- To eliminate controversial state expenditures for such things as abortions or family planning. Individuals wishing for these services could pay for it from their dividends or utilize free ultrasound or abortion assessment services.
To promote these concepts, fashioned after his failed Bristol Bay, Inc. proposal, Hammond created “The Alaska Public Forum”. Fortunately, this attitude came in the wake of a $900 million windfall in 1970 from leases issued in Prudhoe Bay which had been “blown” in the eyes of many people. To their credit, however, a sufficient number
of legislators were successful in passing legislation creating what they termed “The Alaska Permanent Fund.” This statute at least created a semblance of Alaska, Inc., but fell far short of what Hammond had hoped for.
For more detailed information about the book, please click here.
Many thanks for Russell Ingram’s reviewing and editing.
Despite endorsing a larger carbon footprint for Alaska, the Permanent Fund Dividend (PFD payment, according to a survey released last week, of one thousand employees), encouraged only one per cent of recipients to work less.
Perhaps the oldest, continuous, Basic Income-like social program is the Alaska PFD, going since the 1980s and currently paying every adult citizen $2,072 annually. Last year’s report indicated that PFD has kept 2-3 per cent of Alaska’s population – some 15-20,000 people – above the poverty line since 1990.
Wrote Jack Thorold in a blog for RSA (a charity which encourages the release of human potential to address the challenges that society faces):
“…it’s a fair guess that at least for some the PFD frees them to do other valuable activities: caring for relatives or learning new skills, for example.”
Also, according to another survey, Alaskans don’t spend their PFD on frivolous things. Instead, 72 per cent of Alaskans report earmarking their dividends for essentials such as paying off debts, education and saving for retirement or emergencies. Thorold went on in his blog to discuss the disappointing – especially relative to the idea of a universal basic income – recent results of the Trussell Trust report on foodbank usage in the UK, which contain:
– 78 per cent of those referred to foodbanks are severely food insecure, meaning that they had gone without eating, perhaps for multiple consecutive days, in the last twelve months;
– 40 per cent of users are driven to foodbanks as a result of a delayed benefit payment;
– About two thirds of foodbank users had recently been hit by an ‘income shock’, most commonly sharp rises in food or housing costs.
Thorold ended his blog, going back to the Alaska PFD: “Alaska’s PFD provides good evidence that unconditional payments can work, and we should take notice.”
More information at:
Kate McFarland, “Alaska, US: State senator prepares bill to restore full amount of 2016 PFD”, Basic Income News, October 9th 2016
Nathaniel Herz, “Alaska lawmaker stokes Permanent Fund fight with push to add $1,000 to dividends” Alaska Dispatch News, October 6th 2016
Paula Dobbyn, “State senator prepares bill to restore full amount of 2016 Permanent Fund dividend” KTUU, October 5th 2016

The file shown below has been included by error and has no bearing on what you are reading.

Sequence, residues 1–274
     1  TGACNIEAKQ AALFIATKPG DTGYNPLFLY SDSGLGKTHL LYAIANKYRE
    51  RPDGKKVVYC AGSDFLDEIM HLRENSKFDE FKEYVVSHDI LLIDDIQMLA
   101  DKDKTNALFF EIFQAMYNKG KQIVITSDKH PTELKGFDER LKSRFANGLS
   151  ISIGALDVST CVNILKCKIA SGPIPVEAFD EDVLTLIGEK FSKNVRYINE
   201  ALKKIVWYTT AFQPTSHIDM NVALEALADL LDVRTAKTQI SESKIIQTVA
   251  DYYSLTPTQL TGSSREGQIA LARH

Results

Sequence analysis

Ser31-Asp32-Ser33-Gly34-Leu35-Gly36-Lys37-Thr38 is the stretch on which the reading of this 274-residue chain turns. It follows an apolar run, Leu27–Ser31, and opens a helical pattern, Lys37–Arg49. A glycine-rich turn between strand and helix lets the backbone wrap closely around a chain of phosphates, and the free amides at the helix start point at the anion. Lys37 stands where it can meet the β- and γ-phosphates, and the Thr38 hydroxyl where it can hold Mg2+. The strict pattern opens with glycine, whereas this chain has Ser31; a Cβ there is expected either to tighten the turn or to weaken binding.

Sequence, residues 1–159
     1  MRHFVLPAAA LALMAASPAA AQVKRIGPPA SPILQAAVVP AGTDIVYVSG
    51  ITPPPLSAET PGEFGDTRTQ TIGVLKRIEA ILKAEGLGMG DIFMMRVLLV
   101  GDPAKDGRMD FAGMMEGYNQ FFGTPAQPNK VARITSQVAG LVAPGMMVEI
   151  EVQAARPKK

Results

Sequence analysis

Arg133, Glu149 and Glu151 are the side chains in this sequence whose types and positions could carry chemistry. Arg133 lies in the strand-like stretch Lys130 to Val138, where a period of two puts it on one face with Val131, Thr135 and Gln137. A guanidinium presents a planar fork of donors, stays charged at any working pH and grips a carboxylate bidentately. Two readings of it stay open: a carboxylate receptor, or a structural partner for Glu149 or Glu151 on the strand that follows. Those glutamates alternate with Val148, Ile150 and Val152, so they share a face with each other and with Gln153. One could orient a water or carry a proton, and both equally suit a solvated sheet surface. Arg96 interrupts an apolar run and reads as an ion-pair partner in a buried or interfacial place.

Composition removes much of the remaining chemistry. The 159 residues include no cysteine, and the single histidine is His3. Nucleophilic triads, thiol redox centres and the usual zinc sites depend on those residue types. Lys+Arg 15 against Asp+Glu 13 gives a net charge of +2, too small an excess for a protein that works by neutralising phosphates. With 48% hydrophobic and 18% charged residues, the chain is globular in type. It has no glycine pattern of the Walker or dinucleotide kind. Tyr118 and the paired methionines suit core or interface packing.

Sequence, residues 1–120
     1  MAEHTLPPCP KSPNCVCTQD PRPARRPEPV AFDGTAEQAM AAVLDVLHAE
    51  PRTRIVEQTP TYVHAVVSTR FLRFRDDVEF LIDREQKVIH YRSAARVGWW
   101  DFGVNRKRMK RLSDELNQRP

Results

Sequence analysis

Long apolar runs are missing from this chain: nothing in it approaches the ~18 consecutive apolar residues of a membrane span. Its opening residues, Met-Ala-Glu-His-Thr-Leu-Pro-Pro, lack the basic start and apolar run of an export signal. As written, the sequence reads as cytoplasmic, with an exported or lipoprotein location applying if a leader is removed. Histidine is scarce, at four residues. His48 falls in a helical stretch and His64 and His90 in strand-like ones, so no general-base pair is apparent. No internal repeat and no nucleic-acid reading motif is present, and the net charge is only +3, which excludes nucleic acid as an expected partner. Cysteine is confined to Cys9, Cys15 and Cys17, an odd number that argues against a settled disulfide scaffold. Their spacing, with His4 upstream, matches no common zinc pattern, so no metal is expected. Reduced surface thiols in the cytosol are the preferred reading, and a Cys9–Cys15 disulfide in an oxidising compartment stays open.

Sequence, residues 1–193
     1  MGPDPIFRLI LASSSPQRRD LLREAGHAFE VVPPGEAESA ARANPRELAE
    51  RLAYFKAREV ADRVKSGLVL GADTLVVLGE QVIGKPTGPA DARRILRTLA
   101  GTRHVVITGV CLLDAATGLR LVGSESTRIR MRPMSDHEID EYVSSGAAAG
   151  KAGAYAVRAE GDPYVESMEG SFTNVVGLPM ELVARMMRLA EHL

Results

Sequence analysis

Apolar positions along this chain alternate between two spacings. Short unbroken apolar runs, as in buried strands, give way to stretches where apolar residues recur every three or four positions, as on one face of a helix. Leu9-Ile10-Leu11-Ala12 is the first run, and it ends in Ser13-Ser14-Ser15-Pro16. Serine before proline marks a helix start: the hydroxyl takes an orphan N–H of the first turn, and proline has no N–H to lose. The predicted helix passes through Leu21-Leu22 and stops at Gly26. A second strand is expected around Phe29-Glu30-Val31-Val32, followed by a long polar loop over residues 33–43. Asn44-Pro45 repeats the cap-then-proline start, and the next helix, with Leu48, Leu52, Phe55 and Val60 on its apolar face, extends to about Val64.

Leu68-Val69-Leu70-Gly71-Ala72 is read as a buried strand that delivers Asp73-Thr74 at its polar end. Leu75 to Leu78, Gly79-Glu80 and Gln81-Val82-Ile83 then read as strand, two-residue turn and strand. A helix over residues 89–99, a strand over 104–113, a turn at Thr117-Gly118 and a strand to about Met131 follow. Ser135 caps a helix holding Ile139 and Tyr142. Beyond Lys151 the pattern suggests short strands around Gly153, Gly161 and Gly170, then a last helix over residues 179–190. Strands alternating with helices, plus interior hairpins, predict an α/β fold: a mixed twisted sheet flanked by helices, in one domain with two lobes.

Travis Khachatoorian. “With reduced PFDs on the way, protests expected at budget forum” KTUU, September 30th 2016
Scott Santens. Credit to: Singularity Bros.
Scott Santens, writer and long time UBI advocate, speaking at the Davos World Economic Forum 2017, views the Alaska Permanent Fund as a foundational aspect for the funding for a Universal Basic Income – a UBI. Santens, and a growing number of people all over this planet are coming to the conclusion that something like a UBI is required in order to provide an effective counterbalance to the inequality of wealth distribution that currently plagues the world’s populations and the human ramifications of automation, robotization of the workplace.
Santens points out that, in a democracy, all citizens are deemed equal under the law and the Alaskan fund offers an excellent example of how the wealth being extracted from a communities resources must first and foremost benefit the people that comprise that community. The Alaskan fund extracts a percentage of the wealth being extracted from its resources and that money is then used to fund Alaska’s social programs as well as annually depositing as much as a thousand dollars or more into the pockets of every Alaskan citizen. A sort of pay to dig policy. That Alaskan Fund is now worth some fifty billion dollars. Conversely, in a similar but more aggressive manner, some years ago Finland was adamant that its offshore oil resources must benefit all of the Finnish people. Finland took money off the top of the oil profits and put it into what is now a trillion dollar fund that is currently benefiting everyone in Finland.
But for Santens, resource funding is only one of a nation’s assets from which a UBI can produce a revenue flow that can both enrich and empower the populations it will serve.
Santens points out that a related resource, land itself, needs to be re-evaluated. Land is not just where we build our homes, grow our crops and where our businesses and factories operate from. Land is where wealth is invested and from which wealth is extracted. People can hide their money and their wealth, but they can’t hide their land. Therefore a Land-Value Tax would provide “… an extremely progressive tax on both corporations and individuals because land is so unequally distributed towards the top.” Instead of the value of the land being decided by the owner, the land would be valued for the wealth it represents. A vacant downtown lot would then be as valued as the next door highrise and further motivate the owner to develop the land.